Washout north of Grandview

 

U.S. 63 at Matts Drive in the town of Grand View in Bayfield County was closed after the roadway washed out in both directions. Credit: Photo courtesy of Ready Wisconsin

The three dams of the three Eau Claire Lakes held back the water well.

Mooney Dam impounds water to form Lower Eau Claire Lake and rose at least 7 inches immediately after the heavy rain. According to Mark Schroeder, Douglas County Parks & Recreation Supervisor, on the day before the deluge of Jul 11, the lake level at the dam was at 1045.5 feet above sea level. The target, a DNR order, is for 1045.44 ft so it was an inch or so above target.
Douglas County Parks and Recreation Department staff measure lake levels at the dam daily and on July 12, the morning after the deluge, the level was 1046.1 ft (7.2 inches above target). A stop log was removed to let more water flow through the dam. That night it was likely higher than 7.2 inches since it takes a while to rise at the dam after a rain on our multi-lake lake chain.

The lake level was lowered an inch or so daily after that by removing stop logs one at a time, purposefully at a cautious, slow rate to prevent dangerous and damaging rises of the river downstream where levels were at record high already.

Schroeder stated that we were lucky that the heavy rain occurred this year instead of last year when Mooney Dam was being repaired. During repair work only half of the dam carried water while the other was blocked by a coffer dam to permit work replacing the lateral concrete abutment. Core sampling had shown that the lateral abutment contained crumbling concrete. Theoretically that could have weakened the dam sufficiently to result in major leaking or failure if the deluge had occurred last summer.
Surface drainage at the county park at Mooney Dam caused a deep gully where runoff flowed over the bluff into Eau Claire River.

Erosin at Mooney

A 6 to 8 feet deep erosion at Mooney Dam County Park at Lower Eau Claire Lake

due to rain surface runoff. Photo by T. Eastlund.

Many cabin dwellers reported various types of damage due to the high lake levels. At Upper Eau Claire Lake, Bob Cochrane estimated that the lake level rose approximately 8 to 10 inches and seemed to drop an inch a day on subsequent days. Bob Cochrane and Jim Bakken noted wood docks displaced and erosion of shorelines around the lake. Cris Neff reported that a pontoon broke from its mooring and floated across the lake.  Bob Cochrane noted that Upper was “murky” and that using the Secchi disc at the usual “deep hole” at the north end showed that water clarity was reduced from 20 feet to 14.5 feet.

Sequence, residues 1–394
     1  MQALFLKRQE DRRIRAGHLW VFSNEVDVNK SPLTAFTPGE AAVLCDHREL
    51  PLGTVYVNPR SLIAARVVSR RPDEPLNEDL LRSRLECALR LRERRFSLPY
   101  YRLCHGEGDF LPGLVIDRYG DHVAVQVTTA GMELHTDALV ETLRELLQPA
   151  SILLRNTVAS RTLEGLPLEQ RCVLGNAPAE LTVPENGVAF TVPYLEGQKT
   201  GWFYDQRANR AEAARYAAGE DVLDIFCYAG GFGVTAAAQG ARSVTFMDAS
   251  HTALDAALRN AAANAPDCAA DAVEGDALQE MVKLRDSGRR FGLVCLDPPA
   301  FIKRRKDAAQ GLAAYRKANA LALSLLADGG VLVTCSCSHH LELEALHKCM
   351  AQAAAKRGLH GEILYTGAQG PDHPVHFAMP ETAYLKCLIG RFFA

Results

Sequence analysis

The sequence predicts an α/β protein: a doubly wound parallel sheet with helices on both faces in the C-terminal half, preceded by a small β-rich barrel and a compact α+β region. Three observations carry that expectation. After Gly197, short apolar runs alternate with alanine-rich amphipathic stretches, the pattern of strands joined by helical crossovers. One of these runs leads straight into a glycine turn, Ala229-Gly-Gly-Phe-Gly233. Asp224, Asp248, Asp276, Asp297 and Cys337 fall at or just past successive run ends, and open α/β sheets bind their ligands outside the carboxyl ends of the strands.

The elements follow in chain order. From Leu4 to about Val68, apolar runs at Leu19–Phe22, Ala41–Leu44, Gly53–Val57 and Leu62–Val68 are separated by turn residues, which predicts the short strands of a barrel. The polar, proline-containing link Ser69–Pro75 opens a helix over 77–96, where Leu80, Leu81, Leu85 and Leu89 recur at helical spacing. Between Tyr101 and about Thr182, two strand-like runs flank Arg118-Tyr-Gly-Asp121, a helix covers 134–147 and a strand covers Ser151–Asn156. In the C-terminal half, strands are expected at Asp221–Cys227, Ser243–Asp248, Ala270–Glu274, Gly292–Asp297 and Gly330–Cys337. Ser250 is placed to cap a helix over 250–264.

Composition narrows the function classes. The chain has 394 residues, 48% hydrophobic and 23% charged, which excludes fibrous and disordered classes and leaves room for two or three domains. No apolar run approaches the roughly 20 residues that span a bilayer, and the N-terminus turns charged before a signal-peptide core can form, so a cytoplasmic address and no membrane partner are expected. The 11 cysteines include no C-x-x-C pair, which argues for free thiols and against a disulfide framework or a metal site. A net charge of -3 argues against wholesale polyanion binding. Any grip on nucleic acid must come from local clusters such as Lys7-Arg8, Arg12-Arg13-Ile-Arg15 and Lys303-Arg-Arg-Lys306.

Tom Krob estimated that Robinson Lake was 7 to 8 inches above normal. Carol Lebreck reported that Bony Lake levels were quite high with levels still at an estimated 4 to 5 inches above normal 10 days later.

Lake levels persisted at high levels 7 to 10 days later at several lakes, especially at Upper and Middle Eau Claire Lakes, where dams do not have stop logs to lower the lake levels. Because high speed motorboats can create high wakes that cause shoreline erosion, the Friends of the Eau Claire Lakes area issued a high water alert to boaters that “Minimizing your motorboat wake will help protect shorelines from erosion during these times”.

two Teens at Middle dam

Two teens swimming at Middle Lock and Dam on July 12. Note the high water level pouring over the gate to the lock. The level was many inches higher than usual at the actual dam. Photo by T. Eastlund

The deluge of July 11 resulted in a lot of damage and created potentially lethal flash floods and road closings. It brought attention to the future need of better preparedness.